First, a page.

Federal File

January 23, 2002 1 min read

George W. Sat Here

Hamilton High School is short a desk and chair after President Bush’s Jan. 8 visit.

But no one at the school in Hamilton, Ohio, is likely to complain. Mr. Bush graced that furniture as he signed the “No Child Left Behind” Act in the school gym.

The Ohio Historical Society is expected shortly to take possession of the items, now stored at the district’s central office, according to Joni L. Copas, a spokeswoman for the 9,200-student Hamilton district. She said they would eventually be headed to Washington—possibly to the Smithsonian Institution—and could end up in Mr. Bush’s presidential library.

The White House advance team for the trip had hoped to find a desk with some historical significance in the greater Hamilton area. But after failing to find just the right one, “they decided a well-worn teacher’s desk would probably be the best,” Ms. Copas said. The now-famous desk was used by an art teacher at the school.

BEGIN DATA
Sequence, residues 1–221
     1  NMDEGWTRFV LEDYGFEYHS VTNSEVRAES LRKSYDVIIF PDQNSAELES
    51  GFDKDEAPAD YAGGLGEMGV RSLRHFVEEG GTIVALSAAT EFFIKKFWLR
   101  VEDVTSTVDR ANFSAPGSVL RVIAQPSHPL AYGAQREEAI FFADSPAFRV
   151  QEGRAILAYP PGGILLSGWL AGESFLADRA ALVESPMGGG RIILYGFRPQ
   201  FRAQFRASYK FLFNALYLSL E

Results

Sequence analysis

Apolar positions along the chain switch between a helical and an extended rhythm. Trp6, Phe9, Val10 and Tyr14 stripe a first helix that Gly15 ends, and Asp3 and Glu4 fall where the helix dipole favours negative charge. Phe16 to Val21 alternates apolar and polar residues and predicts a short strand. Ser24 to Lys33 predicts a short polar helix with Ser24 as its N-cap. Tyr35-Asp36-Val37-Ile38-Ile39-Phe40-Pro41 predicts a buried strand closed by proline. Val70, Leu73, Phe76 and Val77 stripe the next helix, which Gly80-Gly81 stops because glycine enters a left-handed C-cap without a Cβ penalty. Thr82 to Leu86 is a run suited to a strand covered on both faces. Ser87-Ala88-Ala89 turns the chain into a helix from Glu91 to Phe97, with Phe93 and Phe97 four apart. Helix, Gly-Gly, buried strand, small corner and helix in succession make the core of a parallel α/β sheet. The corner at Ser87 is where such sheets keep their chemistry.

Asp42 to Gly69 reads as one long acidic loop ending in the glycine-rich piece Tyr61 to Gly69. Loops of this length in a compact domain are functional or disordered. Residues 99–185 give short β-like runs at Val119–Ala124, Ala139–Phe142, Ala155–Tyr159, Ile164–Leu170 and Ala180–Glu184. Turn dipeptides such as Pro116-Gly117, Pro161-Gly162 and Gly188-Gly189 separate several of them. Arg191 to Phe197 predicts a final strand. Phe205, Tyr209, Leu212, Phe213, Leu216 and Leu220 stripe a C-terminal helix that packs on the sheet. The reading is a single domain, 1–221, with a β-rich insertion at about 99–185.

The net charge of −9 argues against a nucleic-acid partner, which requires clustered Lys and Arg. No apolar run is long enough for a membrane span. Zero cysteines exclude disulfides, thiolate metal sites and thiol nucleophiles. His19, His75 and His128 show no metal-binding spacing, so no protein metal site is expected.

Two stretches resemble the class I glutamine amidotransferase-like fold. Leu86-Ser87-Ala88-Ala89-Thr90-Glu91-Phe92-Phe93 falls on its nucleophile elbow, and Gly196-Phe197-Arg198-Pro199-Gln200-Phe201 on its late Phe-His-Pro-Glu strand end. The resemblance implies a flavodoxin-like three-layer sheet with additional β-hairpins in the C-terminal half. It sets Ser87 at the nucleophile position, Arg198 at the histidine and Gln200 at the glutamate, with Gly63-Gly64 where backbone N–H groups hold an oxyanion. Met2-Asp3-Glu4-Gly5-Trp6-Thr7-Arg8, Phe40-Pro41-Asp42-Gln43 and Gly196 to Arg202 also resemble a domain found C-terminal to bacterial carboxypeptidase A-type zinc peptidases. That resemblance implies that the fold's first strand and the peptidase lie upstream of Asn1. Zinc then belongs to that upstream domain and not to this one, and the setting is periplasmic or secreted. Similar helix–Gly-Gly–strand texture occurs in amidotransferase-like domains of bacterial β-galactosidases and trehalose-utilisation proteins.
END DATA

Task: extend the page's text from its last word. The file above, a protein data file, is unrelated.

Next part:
“It’s just a typical 1960s ... light-blond desk,” she said.

The art teacher’s chair, evidently, didn’t pass muster, so Mr. Bush’s team scavenged another.

To see no fewer than 377 photos from the signing ceremony, including plenty of the desk and chair, go to the school’s Web site: Hamilton High.

Even before the new education act was sent to the White House, lawmakers were tidying up their handiwork. A total of 61 technical corrections were approved last month to the mammoth bill under H.Con.Res. 289.

At press time, however, no formal signing ceremony had been scheduled for the corrections package.

Meanwhile, first lady Laura Bush is headed to the Capitol to talk about a favorite issue, early-childhood education. She is slated to testify before the Senate Health, Education, Labor, and Pensions Committee Jan. 24.

She was supposed to appear before the panel last year. But the event—set for Sept. 11—was canceled.

—Erik W. Robelen

A version of this article appeared in the January 23, 2002 edition of Education Week